The ideas above tie in with Jane Jacobs' notion of cities as primary drivers of economic development and technological change.
Jacobs argued that perhaps the first great example of the process of creating new work was the invention of agriculture and animal husbandry. ‘Cities’ developed this industry due to the need to feed people in the ‘city’. Eventually this technology was exported to other places, including the countryside.Jane Jacobs, agriculture and a model for ancient civilisations (Armchair prehistory)
Jacobs’ reasons for saying this was that she saw the countryside itself as a passive receiver of ideas. Lack of population pressure means that new industries don’t need to be developed in the countryside. Therefore the countryside gets its technology and industry, and much of its work, from cities. As a result of this, Jacobs argued that when local cities disappear the technology of the countryside, unsupported, can disappear with it.
The reason why people are reluctant to consider such a radical idea, Jacobs argued, is due to the influence of the Bible on people’s thinking. So if Genesis said that farming came first and cities later then that’s how people viewed the past. She particularly singled out Adam Smith in this respect, saying that his ideas, which were influenced by the Bible, have heavily influenced people’s view of economics ever since.
While Jacobs' "cities first" model has been criticized with regard to agriculture (most likely agriculture was practiced long before cities, but intensive agriculture is probably urban in origin), it does make sense that cities drove trade, specialization, political complexity, and with it, inequality.
We also have increasing evidence that early humans cooperated on much larger scales than we thought long before we lived in top-down social hierarchies. Göbekli Tepe is one prominent example, but others are emerging. Also, keep in mind the above: many of the earliest sites of human habitation are now under water, and have been for millennia.
Revelations on Shigir Idol 'change our understanding of ancient civilisations' (Siberian Times)
Mysterious Middle East 'Wheel Of Giants' Is As Old As Stonehenge (Huffington Post) Ancient rock formation is believed to be 5,000 years old -- but no one is sure what it was used for.
NASA Adds to Evidence of Mysterious Ancient Earthworks (New York Times)
When cities rise from the depths (BBC)
These range from 5,000 to 10,000 years ago. Clearly a lot was going on before we settled down in dense urban areas, which may be why civilization developed so rapidly. Large-scale construction and long-distance trade were nothing new.
Here is an interview with Graham Hancock and Randall Carlson on JRE, where they are frequent guests. As far as I can tell, they are arguing that there was a highly advanced human civilization with extensive trade networks long before 11-12,000 BCE. They argue that many monuments, including those of ancient Egypt, date from that time period. As evidence, they cite things like signs of water erosion on the Sphinx, which would have had to have been made before the desertification of Egypt, along with numerous underwater ruins which have not been sufficiently explored.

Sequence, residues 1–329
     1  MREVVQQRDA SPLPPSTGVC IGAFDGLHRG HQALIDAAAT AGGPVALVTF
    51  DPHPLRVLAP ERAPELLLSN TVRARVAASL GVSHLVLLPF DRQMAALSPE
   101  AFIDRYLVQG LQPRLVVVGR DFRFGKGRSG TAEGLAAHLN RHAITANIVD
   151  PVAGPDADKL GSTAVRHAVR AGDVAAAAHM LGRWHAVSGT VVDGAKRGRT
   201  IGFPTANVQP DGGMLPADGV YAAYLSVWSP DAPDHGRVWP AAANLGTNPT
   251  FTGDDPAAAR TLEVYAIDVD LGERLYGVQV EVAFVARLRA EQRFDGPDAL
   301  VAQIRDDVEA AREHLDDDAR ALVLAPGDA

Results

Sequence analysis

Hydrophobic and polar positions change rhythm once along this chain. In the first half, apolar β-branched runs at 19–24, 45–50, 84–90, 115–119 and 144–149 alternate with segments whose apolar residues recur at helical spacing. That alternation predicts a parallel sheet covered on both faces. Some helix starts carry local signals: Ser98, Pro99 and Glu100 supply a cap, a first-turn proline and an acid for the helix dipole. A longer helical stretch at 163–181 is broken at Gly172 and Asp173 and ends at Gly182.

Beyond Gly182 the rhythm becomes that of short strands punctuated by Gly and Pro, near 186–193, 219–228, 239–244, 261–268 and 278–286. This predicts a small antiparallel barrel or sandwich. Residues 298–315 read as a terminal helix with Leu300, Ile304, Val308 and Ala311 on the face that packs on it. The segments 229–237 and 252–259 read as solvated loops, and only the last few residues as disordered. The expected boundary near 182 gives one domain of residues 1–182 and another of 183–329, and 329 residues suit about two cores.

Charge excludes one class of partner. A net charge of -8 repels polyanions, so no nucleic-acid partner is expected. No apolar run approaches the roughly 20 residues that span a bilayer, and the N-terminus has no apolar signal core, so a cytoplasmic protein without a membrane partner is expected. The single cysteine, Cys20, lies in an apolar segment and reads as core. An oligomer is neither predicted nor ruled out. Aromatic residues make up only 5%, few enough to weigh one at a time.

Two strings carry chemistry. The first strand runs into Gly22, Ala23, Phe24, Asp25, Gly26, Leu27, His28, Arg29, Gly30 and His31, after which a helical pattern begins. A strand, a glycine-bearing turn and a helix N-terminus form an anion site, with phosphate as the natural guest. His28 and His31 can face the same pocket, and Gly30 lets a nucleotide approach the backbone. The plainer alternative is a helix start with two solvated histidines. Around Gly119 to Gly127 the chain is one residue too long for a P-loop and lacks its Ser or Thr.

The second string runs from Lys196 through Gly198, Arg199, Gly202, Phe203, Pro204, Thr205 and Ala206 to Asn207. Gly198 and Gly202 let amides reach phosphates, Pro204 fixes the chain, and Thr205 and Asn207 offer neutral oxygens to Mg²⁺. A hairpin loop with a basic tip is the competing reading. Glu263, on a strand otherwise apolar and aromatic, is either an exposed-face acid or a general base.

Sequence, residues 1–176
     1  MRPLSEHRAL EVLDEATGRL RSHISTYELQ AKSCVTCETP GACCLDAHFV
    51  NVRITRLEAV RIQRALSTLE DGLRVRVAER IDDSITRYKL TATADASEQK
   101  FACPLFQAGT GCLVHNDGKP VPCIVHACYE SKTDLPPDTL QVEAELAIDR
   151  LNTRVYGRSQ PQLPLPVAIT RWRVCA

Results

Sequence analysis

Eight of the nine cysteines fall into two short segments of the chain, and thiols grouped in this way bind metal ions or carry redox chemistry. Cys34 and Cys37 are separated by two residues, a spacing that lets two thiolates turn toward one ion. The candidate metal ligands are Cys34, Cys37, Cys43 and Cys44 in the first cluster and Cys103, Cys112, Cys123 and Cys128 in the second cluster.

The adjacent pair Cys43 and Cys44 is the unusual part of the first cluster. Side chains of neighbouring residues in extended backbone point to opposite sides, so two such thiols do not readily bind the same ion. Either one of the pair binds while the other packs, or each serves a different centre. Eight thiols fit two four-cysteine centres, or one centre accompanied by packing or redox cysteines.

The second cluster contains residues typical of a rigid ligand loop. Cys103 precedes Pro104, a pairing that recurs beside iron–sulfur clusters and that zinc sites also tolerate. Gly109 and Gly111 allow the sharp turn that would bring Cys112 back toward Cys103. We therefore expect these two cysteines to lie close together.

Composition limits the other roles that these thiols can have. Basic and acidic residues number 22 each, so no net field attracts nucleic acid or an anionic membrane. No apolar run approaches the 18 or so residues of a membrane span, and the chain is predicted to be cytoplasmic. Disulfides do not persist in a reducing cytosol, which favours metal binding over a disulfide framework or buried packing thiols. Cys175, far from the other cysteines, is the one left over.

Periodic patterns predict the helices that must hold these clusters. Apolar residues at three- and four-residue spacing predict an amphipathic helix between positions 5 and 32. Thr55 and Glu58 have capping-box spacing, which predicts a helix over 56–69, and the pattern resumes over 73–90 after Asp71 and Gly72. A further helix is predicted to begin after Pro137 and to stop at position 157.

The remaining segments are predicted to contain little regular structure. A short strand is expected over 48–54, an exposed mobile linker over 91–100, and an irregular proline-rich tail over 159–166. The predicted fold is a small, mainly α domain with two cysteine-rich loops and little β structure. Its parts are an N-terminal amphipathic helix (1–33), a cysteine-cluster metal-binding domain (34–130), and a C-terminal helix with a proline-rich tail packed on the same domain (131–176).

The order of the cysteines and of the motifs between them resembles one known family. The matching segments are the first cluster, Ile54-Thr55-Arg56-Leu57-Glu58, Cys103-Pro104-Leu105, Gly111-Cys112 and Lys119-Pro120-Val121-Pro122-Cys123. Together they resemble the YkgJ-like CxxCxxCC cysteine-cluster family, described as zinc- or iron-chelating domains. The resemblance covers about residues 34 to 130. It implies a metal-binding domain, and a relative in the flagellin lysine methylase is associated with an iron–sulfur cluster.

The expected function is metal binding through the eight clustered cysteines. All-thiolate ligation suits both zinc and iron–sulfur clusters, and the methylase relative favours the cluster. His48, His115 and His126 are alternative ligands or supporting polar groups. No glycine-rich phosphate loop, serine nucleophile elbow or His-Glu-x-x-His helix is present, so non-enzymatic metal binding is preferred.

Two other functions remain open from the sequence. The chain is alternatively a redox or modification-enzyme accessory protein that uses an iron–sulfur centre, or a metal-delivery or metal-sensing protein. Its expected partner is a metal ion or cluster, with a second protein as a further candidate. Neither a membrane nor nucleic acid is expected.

Around 12,000 BCE, according to the theory, a comet entered the atmosphere causing major catastrophes on a scale similar to that of the dinosaur extinction or the Toba eruption. The comet caused the ice sheets to melt, inundating this ancient civilization and causing its collapse. The knowledge of the civilization was passed down through various stories and esoteric traditions including the universal flood myth and the stories of advanced civilizations lost beneath the waves: Atlantis, Lemuria, Mu, and others (the Egyptians claim their knowledge originated in Atlantis). When civilizations were eventually rebuilt, they remembered the catastrophe and built all sorts of astronomical clues warning us of the comets in their monuments, including the very geographical siting of the monuments (according to Robert Bauval, the Giza site is laid out to align with stars in the Orion constellation). This is why every ancient civilization was so obsessed with stargazing, going so far as to encode astronomical knowledge such as the procession of the equinoxes into their mythology.
An interesting theory, to be sure. I'm not going to hazard an opinion here. It seems possible, but it's too often lumped in with the idea that early humans were in contact with aliens, or that ancient civilizations has some sort of secret advanced technology, or psychic powers, and other New-Age nonsense. It would also help if Carlson (a builder with no scientific qualifications) didn't take every opportunity to assert that his catastrophe theory somehow disproves the idea that humans are the source of anthropogenic climate change. Here's a better summary from Disinfo.
One of my favorite candidates for the Garden of Eden and the Flood Myth is that one of the first permanent settlements outside of Africa was where the Persian Gulf is today, and when the sea breached the Straits of Hormuz, it inundated the area creating the Gulf and driving the survivors to higher ground where Mesopotamia is today. I first read about that here: Lost civilization under Persian Gulf? (Science Daily)